The variant that ends up with “3 French toasts, 2 turtlenecks and a beer in a tree” is attributed to a comedy team from:
In 1959 a popular satirist complained of the over-commercialization of Christmas in his version called “Green Chri$tma$” It ends with “5 tubeless tires, 4 quarts of gin, 3 cigars, 2 cigarettes and some hair tonic on a pear tree.” His name was:
a. Bob Newhart
b. Stan Freberg
c. Alan Sherman
Not long afterwards another satirist wrote his version that ended with “Statue of a naked lady with a clock where her stomach ought to be, Simulated alligator wallet, Calendar book with the name of my insurance man, Green polka dot pajamas, and a Japanese transistor radio (a Nakashuma, the Mark IV model – that’s the one that’s discontinued – in a leatherette case with holes in it so you can listen right through the case and a wire with a thing on one end that you can stick in your ear and a thing on the other end that you can’t stick anywhere because it’s bent.” He was:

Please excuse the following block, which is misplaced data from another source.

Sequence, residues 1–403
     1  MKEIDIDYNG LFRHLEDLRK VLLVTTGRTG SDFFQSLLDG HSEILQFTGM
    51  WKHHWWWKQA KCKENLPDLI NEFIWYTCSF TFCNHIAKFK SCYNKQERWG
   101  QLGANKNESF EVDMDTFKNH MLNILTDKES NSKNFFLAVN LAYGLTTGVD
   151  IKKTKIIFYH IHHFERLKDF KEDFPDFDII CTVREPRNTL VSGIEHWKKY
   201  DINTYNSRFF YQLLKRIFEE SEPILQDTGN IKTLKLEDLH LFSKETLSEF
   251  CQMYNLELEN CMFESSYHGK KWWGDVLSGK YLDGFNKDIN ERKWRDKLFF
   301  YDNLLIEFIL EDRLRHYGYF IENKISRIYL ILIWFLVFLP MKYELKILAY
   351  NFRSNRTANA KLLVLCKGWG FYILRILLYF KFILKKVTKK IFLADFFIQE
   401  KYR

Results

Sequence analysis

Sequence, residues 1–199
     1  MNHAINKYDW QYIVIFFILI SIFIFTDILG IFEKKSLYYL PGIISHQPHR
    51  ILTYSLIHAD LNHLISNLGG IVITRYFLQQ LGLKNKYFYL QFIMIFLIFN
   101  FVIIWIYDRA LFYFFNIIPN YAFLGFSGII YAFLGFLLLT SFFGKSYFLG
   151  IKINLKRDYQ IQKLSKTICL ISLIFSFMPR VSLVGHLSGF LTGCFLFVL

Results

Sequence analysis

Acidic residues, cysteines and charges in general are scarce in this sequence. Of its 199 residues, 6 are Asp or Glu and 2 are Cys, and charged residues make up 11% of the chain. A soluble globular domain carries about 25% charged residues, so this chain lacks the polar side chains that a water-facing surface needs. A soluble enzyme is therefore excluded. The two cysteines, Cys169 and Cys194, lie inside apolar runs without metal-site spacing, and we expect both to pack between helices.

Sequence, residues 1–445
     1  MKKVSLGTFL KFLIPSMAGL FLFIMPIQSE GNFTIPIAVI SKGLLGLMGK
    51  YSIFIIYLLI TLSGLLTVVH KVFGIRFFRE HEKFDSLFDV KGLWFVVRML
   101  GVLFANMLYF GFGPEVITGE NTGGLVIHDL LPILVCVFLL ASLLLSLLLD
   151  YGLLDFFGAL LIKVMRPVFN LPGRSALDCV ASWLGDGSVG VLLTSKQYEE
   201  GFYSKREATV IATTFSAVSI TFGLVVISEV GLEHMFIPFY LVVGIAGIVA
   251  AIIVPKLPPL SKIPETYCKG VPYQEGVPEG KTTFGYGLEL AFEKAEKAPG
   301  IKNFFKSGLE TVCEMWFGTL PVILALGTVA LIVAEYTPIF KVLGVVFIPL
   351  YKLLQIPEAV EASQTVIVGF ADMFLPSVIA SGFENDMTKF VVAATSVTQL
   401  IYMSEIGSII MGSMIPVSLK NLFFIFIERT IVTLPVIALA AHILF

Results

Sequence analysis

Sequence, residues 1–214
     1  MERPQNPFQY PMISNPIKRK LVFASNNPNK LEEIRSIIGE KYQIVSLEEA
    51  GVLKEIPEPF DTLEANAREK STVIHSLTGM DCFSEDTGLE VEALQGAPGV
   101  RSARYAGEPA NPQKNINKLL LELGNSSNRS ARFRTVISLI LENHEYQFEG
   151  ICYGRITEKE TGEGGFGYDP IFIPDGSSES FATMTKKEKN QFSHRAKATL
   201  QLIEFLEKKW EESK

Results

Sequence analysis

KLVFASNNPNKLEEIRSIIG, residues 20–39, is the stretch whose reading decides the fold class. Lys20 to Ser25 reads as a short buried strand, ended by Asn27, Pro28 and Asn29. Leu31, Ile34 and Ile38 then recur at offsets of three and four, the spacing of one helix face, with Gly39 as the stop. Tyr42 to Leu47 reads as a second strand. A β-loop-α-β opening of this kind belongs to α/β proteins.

|a. Bob Newhart|
|b. Stan Freberg|
|c. Alan Sherman|
(Answers: C, B, C)
(and special thanks to Wikipedia)
Another cultural evergreen…
A Charlie Brown Christmas (and other Christmas TV Specials)
Back in the days when there were only three networks to watch, every major variety show, even dramatic shows, had Christmas specials. Lawrence Welk, Andy Williams, even Jack Webb’s Joe Friday on Dragnet managed to get in a Christmas message. The all-time popular Christmas shows, though, were the ones broadcast in 1970 and 1971 by Bob Hope. They were the 12th and the 26th most-viewed television programs in history, topping the last episode of Cheers and a bunch of Super Bowls (the most-watched ever was the last episode of M*A*S*H*).
Perhaps the longest-running Christmas show, A Charlie Brown Christmas, won an Emmy from the Television Academy of Arts and Sciences for its original broadcast during the 1965-66 season:. Bob Hope’s Christmas Special won an Emmy that year, too.